Modern Aerial Warfare

The first time an airplane was used in warfare occurred October 23, 1911. Capitán Carlo Maria Piazza was a pilot in command of an aviation unit of the Italian Royal Army (Regio Esercito). Early airplanes were used for reconnaissance, as was Piazza's role-he flew a Blriot Type XI over the Zanzur oasis (south west of Tripoli, Libya) during the Italo-Turkish War.

Blériot Type XI

The Blriot Type XI was a single-seat, single-engine monoplane measuring 24'11- long with a 27'11- wingspan and an overall height of 8'10-. It's empty weight was 507 lbs. The plane's original configuration included a 35-horsepower cylinder R.E.P engine driving a four-bladed paddle-type propeller. Piazza's Blriot Type XI was modified with an air-cooled 487.14-cubic-inch-displacement, Gnôme 7 Omega seven-cylinder radial engine producing 50 horsepower at 1,200 r.p.m., with a two-bladed propeller.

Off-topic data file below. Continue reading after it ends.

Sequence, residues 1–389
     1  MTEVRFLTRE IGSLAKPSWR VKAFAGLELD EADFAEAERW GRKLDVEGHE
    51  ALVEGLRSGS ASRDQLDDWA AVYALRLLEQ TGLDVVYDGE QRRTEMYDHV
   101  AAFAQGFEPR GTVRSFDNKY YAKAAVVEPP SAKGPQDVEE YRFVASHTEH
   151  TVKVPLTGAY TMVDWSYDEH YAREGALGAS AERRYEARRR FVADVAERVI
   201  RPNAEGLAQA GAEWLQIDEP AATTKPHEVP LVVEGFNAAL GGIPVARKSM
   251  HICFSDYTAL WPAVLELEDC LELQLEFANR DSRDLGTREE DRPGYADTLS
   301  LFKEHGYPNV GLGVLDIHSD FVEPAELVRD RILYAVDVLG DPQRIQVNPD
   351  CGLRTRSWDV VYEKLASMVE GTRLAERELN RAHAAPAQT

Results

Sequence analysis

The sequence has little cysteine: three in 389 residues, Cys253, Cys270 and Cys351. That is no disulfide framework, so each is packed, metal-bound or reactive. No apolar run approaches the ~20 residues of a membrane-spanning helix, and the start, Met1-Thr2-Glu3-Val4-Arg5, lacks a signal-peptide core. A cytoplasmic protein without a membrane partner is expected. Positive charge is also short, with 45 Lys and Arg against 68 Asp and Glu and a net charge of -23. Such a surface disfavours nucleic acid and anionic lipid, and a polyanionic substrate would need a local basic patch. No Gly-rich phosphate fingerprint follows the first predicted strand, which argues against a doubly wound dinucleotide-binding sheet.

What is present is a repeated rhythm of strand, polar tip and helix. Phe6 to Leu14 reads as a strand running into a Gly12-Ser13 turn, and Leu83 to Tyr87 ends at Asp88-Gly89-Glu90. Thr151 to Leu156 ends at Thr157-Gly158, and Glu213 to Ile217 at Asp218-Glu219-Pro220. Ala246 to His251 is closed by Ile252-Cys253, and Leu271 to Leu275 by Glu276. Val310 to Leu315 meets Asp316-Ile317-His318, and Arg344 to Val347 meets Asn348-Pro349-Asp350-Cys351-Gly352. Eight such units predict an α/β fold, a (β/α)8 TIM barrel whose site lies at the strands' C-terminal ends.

The aircraft's maximum speed was 47 miles per hour.

Louis Blériot in flight over field in Blériot XI. May 1909. (US Library of Congress)

WWI

During the course of WWI, both sides used both tethered balloons and airplanes for observation purposes-these aerial instruments were used both for gathering info and directing artillery fire. To prevent enemy observation via air, pilots began attacking other planes and balloons. These initial attacks were executed with small arms carried in the cockpit.

French pilot Roland Garros and designer Raymond Saulnier added deflector plates to the back of the propellers in the Morane-Saulnier monoplane, creating the first example of an aircraft able to fire through its propeller-this led Garros to 3 victories in April 1915.